Diet & Nutrition

Dr Libby’s simple diet advice

“When it comes to food, nature gets it right.”

“We aren’t going to be able to change the influx of information we now have on food, so I think we have to be more discerning about what we take on,” Dr Libby Weaver says.

“Your own body is your best barometer, and we can’t be so attached to a [health trend or wellness label] that we miss the feedback from it.”

This is one of the key messages of her latest book, which takes its title from the very question she gets asked the most, What Am I Supposed to Eat?

“Before the low-fat era, if you wanted an apple pie, you baked it yourself,” explains the nutritional biochemist.

“Then the food industry got involved and there was an apple pie in the frozen section of the supermarket. Then there was a low-fat pie – and everyone knows this now – it was filled up with sugar, then salt to mask the sweetness. So through the low-fat era, people ate more salt and sugar than ever before in the entirety of human history, and they believed it was good for them.

“Nutrition information moves in about 30-year cycles; in the early 80s we started the low-fat era, and what came after was the high-protein era. This is nothing new, and it’s always going to keep happening.”

With all that in mind, Libby’s rule of thumb for those who are feeling bamboozled by today’s abundance of diet advice is simple: “when it comes to food, nature gets it right and human intervention can get it really wrong.”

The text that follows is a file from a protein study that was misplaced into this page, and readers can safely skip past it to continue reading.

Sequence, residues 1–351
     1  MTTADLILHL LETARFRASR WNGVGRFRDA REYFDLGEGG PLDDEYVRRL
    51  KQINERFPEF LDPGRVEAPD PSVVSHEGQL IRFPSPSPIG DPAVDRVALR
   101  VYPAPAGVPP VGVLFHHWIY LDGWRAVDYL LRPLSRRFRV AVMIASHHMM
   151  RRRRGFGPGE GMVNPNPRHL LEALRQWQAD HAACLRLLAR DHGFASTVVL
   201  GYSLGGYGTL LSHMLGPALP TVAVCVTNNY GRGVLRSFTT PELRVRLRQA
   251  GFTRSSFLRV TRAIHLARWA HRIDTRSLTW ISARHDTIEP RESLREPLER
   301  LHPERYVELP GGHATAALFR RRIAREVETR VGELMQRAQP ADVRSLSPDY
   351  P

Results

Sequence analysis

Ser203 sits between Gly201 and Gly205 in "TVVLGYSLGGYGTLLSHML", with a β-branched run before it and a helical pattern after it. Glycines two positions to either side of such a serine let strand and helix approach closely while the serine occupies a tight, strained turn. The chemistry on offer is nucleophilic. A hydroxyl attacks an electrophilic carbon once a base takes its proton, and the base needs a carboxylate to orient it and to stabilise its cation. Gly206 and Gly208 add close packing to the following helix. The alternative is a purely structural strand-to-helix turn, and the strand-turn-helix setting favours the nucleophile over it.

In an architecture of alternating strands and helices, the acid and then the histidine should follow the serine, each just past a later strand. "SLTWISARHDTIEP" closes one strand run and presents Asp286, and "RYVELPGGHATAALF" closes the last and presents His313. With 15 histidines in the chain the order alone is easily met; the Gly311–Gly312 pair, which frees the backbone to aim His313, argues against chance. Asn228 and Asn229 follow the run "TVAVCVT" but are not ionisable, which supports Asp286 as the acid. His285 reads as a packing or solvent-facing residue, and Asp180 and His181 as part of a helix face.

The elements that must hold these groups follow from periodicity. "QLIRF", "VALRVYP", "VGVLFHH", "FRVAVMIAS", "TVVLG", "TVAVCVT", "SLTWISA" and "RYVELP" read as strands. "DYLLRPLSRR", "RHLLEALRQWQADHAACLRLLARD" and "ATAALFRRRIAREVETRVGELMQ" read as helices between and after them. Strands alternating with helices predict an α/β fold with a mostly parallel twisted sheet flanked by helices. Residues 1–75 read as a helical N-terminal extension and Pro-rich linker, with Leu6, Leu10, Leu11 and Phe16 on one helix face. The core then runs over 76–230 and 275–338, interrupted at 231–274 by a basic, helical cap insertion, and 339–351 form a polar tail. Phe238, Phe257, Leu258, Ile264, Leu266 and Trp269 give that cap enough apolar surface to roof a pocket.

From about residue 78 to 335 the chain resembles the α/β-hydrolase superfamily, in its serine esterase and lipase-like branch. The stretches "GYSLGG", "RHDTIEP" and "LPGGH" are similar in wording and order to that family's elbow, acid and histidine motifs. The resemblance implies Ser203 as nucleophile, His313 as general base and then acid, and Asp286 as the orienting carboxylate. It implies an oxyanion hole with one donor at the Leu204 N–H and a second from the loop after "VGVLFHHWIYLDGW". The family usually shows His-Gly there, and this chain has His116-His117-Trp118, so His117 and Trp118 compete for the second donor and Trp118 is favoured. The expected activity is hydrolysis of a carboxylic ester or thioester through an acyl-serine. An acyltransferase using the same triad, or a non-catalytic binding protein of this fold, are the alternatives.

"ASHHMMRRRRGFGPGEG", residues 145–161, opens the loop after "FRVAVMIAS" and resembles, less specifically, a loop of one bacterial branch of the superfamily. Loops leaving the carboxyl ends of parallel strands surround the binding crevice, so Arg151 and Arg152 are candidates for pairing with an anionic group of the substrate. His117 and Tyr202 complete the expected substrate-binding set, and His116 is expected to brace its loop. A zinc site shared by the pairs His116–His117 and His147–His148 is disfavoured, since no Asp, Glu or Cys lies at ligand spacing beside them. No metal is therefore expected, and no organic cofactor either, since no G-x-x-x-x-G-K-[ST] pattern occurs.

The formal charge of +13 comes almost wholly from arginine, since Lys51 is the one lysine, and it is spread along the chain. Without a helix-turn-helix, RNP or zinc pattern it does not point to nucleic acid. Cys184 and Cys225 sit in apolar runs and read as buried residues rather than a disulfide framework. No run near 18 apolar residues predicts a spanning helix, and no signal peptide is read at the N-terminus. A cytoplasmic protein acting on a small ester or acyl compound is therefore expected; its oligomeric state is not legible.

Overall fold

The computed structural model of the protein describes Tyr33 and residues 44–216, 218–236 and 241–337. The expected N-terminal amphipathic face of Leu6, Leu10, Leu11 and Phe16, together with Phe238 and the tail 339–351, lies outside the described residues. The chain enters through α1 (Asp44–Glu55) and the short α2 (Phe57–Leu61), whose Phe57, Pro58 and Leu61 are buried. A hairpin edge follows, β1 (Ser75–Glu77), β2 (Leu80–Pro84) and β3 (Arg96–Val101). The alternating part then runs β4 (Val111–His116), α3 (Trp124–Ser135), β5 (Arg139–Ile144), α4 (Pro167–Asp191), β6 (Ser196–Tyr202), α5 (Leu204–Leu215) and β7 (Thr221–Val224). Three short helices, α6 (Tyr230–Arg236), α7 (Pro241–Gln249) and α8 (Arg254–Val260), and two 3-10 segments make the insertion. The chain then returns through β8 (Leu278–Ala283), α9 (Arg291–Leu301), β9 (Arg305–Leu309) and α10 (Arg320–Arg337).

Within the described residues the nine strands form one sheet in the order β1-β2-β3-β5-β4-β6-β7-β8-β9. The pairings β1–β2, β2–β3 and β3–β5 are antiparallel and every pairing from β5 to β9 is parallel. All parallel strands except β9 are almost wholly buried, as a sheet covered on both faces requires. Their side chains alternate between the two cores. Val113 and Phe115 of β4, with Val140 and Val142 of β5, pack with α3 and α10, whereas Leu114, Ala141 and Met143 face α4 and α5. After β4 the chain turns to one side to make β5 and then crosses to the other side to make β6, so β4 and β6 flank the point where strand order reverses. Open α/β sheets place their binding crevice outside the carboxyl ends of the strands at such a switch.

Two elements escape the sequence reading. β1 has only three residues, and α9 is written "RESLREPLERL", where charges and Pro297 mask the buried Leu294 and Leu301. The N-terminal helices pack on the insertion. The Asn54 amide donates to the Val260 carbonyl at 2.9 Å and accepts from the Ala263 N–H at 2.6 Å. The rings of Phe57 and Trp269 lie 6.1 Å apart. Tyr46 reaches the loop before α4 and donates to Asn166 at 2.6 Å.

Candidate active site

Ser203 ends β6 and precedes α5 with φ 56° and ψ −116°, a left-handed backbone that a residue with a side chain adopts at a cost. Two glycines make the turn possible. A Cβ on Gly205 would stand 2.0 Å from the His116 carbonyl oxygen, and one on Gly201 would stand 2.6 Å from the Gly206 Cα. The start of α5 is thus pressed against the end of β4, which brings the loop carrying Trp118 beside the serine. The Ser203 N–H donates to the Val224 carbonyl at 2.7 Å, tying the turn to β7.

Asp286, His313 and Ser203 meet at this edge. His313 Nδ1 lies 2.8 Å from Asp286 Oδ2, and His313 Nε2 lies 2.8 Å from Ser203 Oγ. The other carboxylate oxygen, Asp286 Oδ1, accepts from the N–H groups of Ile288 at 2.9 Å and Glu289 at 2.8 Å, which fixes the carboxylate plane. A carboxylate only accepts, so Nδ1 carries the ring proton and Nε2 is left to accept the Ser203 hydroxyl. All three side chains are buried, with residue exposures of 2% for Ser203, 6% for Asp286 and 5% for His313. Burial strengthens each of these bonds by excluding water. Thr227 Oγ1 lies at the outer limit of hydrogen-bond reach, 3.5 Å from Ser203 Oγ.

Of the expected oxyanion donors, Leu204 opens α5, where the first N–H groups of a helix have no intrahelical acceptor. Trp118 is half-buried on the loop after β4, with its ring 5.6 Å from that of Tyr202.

In What Am I Supposed to Eat?, the wellbeing warrior tackles everything from micronutrients to managing sugar intake, but she’s quick to say that having the right mindset is the most important wellness tool of all.

“A lot of people end up making lousy food choices as they are very black and white; they always think of it as this ‘wagon’ that they could fall off,” she says. “But if you eat some biscuits for afternoon tea one day and think ‘I’ve ruined it’, you won’t go home and make great choices with that mentality.

“A better way to look at it is with curiosity. Think, ‘I ate three biscuits – what led me to do that? Was I hungry? Or did I eat them because of an emotion?’ The minute we judge, we go blind and we get no insight. Whereas when we bring curiosity, we’re open to learning something, and from that, behaviour can change.”

For more of Dr Libby’s thoughts on healthy eating, see the January issue of Good Health Choices.

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